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Wearing thin

[ 2011-08-23 13:04]     字号 [] [] []  
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Wearing thin

Reader question:

Please explain “wear thin” in this sentence: “As peacock population grows, their charm begins to wear thin.”

My comments:

The male peacock has its large ornamental tails to show off. And they’re beautiful to observe. To humans, those shiny colorful tails are ornamental, but to the birds they have a crucial function – to attract females. Pretty much like the high heels, bikinis and heavy makeup some women wear to attract the ogles of males.

For the first or first few times, at the very least.

First timers to see a peacock fanning its tail are bound to be mesmerized. But usually not for long. First, color dazzles. Then it blinds. When people get used to it, they, well, get use to it and no longer feels the same sensations of wonder and lust that they once felt at first. Same with tasty food. Too many tasty foods at once spoil the good feeling.

In other words, too much of a good thing.

Hence, “as peacock population grows, their charm begins to wear thin”, that is, to wither, like a flower and to wane, like the moon. All because people see too many of them too often. And as people often say, familiarity breeds contempt.

Wearing thin originally describes clothing getting old and worn. Wearing “thin” because due to overuse, the clothes become thinner at some places where there’s been much “wear and tear”. “Thin”, in other words, because the cloth is getting “threadbare”.

Hence, metaphorically, if something begins to wear thin, they’re less effective due to overuse. Clichés, for example, were all witty and inspiring remarks at first but become clichés after being repeated again and again.

Similarly, one’s patience may wear thin after a while. A good joke often wears thin after you hear it so many times. Excuses certainly wear thin pretty soon. The first time, for instance, that you tell your teacher that you have to miss class tomorrow because you have to attend the funeral of your grandma he’ll grant you the leave. Try telling him the same tale several times in a row and see if he still believes you.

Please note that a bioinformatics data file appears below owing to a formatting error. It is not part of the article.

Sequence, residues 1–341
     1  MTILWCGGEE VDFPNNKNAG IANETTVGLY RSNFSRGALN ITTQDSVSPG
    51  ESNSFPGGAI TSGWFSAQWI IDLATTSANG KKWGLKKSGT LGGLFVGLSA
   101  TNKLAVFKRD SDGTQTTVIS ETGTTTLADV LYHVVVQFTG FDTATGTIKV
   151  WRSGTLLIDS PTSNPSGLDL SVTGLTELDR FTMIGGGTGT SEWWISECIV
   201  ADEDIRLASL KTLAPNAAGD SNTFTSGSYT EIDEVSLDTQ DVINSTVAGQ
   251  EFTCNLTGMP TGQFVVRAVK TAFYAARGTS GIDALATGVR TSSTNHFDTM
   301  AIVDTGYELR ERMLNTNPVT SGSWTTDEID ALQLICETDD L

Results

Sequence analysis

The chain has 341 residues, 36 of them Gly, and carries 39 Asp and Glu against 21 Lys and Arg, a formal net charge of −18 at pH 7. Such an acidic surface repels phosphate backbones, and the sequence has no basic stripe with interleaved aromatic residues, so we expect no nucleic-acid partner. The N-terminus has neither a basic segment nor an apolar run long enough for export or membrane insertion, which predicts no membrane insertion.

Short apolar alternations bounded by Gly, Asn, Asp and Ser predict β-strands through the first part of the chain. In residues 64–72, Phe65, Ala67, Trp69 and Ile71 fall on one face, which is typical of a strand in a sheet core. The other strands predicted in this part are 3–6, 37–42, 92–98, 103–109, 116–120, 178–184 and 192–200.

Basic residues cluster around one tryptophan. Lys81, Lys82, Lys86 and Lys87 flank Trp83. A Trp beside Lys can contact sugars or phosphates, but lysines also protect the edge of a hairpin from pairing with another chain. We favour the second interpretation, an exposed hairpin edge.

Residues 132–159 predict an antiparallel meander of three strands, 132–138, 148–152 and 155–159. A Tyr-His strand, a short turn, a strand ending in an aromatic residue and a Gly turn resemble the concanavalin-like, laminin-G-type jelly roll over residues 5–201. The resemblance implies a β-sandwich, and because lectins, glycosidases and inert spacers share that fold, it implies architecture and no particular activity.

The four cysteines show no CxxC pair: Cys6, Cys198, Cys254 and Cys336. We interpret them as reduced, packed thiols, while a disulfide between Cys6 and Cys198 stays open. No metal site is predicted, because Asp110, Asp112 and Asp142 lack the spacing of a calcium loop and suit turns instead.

Point is, got to have better excuses.

Joking. The real point, where excuses are concerned is no excuses are good enough. Ever. Give them up. Just don’t have them.

Alright, before we drift far off the topic, let’s return to examine media examples of things wearing thin:

1. Panic-stricken people have queued up at hospitals in the western Indian city of Pune to be tested for swine flu.

More than 1,000 people have gathered outside the two government hospitals designated to look after swine flu cases in the city.

Chemist shops are reporting a shortage of face masks.

Pune reported India's first swine flu death earlier this week - a 14-year-old school girl tested positive for the H1N1 virus and died in hospital.

Her family has now filed a criminal complaint against the hospital with the police.

Health ministry officials say there are more than 500 confirmed cases of the H1N1 flu strain across the country.

Anxious people with flu symptoms queued up outside health centres in Pune.

Almost all of them were wearing face masks.

One hospital had only 12 doctors to treat the 1,000 people who had gathered outside, the AFP news agency reported.